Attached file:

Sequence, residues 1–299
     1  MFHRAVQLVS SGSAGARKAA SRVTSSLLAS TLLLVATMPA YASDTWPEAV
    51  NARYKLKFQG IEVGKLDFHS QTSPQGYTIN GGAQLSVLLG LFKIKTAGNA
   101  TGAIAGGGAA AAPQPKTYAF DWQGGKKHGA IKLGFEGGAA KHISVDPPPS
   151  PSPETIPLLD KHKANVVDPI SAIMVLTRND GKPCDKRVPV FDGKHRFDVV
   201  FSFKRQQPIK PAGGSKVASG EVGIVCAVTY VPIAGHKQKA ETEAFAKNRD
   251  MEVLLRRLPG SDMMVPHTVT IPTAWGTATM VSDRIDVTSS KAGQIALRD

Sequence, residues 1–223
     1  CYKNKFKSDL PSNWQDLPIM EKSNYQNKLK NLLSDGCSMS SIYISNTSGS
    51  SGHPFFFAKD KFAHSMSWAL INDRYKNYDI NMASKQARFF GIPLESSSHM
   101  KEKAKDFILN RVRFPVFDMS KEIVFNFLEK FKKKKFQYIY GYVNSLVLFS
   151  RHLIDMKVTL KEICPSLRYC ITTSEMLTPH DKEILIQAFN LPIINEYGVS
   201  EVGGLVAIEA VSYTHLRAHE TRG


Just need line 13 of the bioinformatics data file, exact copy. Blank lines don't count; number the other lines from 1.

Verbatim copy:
   201  EVGGLVAIEA VSYTHLRAHE TRG